The National Research Council’s Disasters Roundtable and the Institute of Medicine’s Roundtable on Environmental Health Sciences, Research, and Medicine were formed to provide a neutral setting for individuals with different backgrounds and perspectives to discuss sensitive issues of mutual interest. Both groups bring together participants from the academic community, government, and the private sector who are actively engage in the disasters field (Disaster Roundtable) or environmental health sciences (Roundtable on Environmental Health Sciences, Research, and Medicine). Through their discussions, the Roundtables help to identify both current and potential problems, and consider approaches to solve them. The aim of these discussions is to share knowledge and ideas, but not proffer formal advice or recommendations.
This particular workshop provided an opportunity for the stakeholders in the two Roundtables to gather and consider issues related to health risks of disasters. To explore the capacity needs for addressing health risk during disasters, the speakers, participants, and Roundtable members considered how the United States will rise to meet these challenges and what research and training priorities were needed to strengthen its response to health-related risks.
INTERDISCIPLINARY PREPAREDNESS AND RESPONSE PLANS
Without a precise metric for preparedness, readiness can never be guaranteed. As a result, workshop participants stressed the need for enhanced collaboration and coordination among all stakeholders involved in disaster preparedness and response, in order to translate current policies into more concrete and effective
response strategies. Traditional response efforts have relied upon local, state, and federal resources. In addition to strengthening coordination at all levels of government, workshop participants advocated expanding preparation, mitigation, and response efforts to include hospitals, health care professionals from all fields of social and traditional medicine, non-governmental organizations, mass media, private businesses, academia, and the engineering and scientific communities.
Recognizing the need for a unified approach to preparedness, the Department of Homeland Security (DHS) has recently developed the National Response Plan to improve coordination between government agencies and local first responders, noted Lew Stringer, of the Department of Homeland Security. Although not fully implemented as of the time of the workshop, this all-hazards plan addresses prevention, preparedness, response, and recovery for all levels of domestic incident management. Under the National Response Plan, local jurisdictions will retain primary responsibility for response efforts, using locally available resources; however, in the event of a large-scale catastrophe, local and state resources are likely to be overwhelmed. The Catastrophic Incident Plan, a supplement to the National Response Plan, has also been drafted to be immediately implemented during crisis by the DHS Secretary. The major goal of the plan is to provide accelerated deployment of federal assets to disaster zones. Pharmaceuticals and medical supplies from the Strategic National Stockpile and personnel from the U.S. Public Health Service Commissioned Corps Readiness Force, the Department of Veterans Affairs, the Department of Defense, and the National Disaster Medical System can reach disaster zones within twelve hours following a decision to deploy. While those assets will certainly help to augment the local response, noted Stringer, there is a need for another 20,000 trained and credentialed response personnel, in addition to the existing VA, USPHS, Department of Defense, and National Disaster Medical System (NDMS) staffs, to stage an effective mass-casualty response.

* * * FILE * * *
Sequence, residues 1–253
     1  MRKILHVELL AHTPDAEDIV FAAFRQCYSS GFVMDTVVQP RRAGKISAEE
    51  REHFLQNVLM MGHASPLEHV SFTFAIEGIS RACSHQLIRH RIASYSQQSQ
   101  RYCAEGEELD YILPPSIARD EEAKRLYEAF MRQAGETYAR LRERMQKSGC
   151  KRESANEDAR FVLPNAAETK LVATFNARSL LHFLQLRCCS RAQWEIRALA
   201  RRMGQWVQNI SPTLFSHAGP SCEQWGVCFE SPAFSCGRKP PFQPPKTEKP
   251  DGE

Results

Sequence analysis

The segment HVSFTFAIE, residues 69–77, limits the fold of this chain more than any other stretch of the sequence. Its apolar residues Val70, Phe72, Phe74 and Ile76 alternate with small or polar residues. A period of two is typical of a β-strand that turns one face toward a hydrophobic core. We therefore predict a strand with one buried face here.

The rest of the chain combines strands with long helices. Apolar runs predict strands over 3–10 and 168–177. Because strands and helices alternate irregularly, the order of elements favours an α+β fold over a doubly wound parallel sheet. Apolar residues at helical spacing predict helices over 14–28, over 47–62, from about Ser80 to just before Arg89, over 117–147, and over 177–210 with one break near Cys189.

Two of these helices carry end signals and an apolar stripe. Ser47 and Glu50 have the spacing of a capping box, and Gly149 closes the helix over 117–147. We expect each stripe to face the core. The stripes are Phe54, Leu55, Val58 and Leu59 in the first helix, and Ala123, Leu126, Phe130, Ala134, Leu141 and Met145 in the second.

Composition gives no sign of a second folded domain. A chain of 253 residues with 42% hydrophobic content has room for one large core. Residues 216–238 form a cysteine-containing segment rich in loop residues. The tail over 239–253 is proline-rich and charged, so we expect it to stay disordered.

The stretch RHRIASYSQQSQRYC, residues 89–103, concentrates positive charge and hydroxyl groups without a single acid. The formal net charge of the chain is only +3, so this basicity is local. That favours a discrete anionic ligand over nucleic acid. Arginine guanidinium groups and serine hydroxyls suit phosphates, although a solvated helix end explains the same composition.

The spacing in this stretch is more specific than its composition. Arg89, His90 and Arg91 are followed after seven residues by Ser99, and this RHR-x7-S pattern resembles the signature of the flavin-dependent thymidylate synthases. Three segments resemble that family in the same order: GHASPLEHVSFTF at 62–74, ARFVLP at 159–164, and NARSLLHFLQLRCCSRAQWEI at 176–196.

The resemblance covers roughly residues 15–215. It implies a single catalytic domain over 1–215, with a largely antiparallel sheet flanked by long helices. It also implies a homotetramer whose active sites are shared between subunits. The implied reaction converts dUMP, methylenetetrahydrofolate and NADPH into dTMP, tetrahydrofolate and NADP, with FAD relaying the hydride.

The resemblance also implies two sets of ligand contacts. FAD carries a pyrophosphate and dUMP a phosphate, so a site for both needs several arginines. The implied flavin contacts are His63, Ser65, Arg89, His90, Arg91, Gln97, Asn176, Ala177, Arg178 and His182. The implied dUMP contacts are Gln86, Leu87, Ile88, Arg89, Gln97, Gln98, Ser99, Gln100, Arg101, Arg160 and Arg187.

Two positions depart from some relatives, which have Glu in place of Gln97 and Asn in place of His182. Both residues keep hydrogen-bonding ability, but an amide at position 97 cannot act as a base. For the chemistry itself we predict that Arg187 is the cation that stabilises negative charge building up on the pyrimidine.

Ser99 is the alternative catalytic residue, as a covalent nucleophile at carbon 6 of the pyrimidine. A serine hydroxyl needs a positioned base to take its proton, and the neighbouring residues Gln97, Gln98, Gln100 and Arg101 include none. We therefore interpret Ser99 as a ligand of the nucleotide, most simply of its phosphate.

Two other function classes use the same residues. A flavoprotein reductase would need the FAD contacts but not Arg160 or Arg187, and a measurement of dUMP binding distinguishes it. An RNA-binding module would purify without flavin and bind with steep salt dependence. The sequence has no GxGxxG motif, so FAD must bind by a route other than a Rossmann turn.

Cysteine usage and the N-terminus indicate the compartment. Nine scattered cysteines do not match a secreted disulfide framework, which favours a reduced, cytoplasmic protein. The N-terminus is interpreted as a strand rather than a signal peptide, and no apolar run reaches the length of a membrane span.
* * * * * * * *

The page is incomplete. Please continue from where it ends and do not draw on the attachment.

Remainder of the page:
Enhancing local response capabilities through federal assets is only one example of creating a multi-level response. The Department of Health and Human Services has taken this a step further by incorporating both hospital and public health preparedness standards into their emergency preparedness grants, thereby emphasizing the importance of integrating health care systems’ response plans with local jurisdictions’ plans. According to William Raub, of the Department of Health and Human Services, the goals of the preparedness grants are to improve the nation’s response capabilities in bioterrorism and other disasters, while correcting decades of neglect in the public health infrastructure.
In order to bring the full range of the nation’s preparedness capabilities to bear, Jack Azar, of the Xerox Corporation, advocated the value of including the private sector in emergency response planning. In the event that a disaster occurs during regular business hours, business and industry executives must have updated and well-exercised plans, including evacuation and shelter-in-place
protocols, for protecting America’s 100 million workers. According to Azar, the opportunity for government officials and private executives to share the successes and failures of emergency response, crisis management, and business continuity plans would be beneficial for all parties involved. That is especially true, considering the likelihood that private sector employees will be needed to assist in local response efforts. Following the September 11 attacks, engineers, iron workers, steamfitters, teamsters, electrical workers, and other building and construction trades unions collaborated with first responders throughout rescue, recovery, and cleanup efforts. While the National Institute of Environmental Health Sciences’ (NIEHS) Worker Education and Training Program made a considerable effort to educate and train over 4,000 workers at Ground Zero, many workers, unfortunately, suffer from residual respiratory problems brought on by hazardous fumes at the site. Samuel Wilson, of the NIEHS, stressed the need for the academic and scientific communities to develop a standardized occupational safety framework for emergency responders that addresses issues like training, medical surveillance, protective equipment, and decontamination.
While many workshop participants discussed the importance of creating interdisciplinary, multi-level plans to respond to disasters, Rae Zimmerman, of New York University, emphasized addressing health risks through changes in engineering and infrastructure. Because of technological advances and economic necessity, much of the nation’s infrastructure has become centralized and networked. For example, about 6.8 percent of all community water supply systems serve 45 percent of the population (Zimmerman, 2004:81, based on U.S. EPA, 2002). In addition, much of this infrastructure is interconnected, for example, according to U.S. Geological Survey data (2004), electric power and thermal electric power plants consume roughly half the total water used in the United States. Thus, it is plausible that a breakdown in one component of the physical infrastructure could lead to cascading and escalating effects in other sectors. According to Zimmerman, future government and industry decisions must involve decoupling structural infrastructure and introducing flexibility into systems when repairs or alterations are necessary.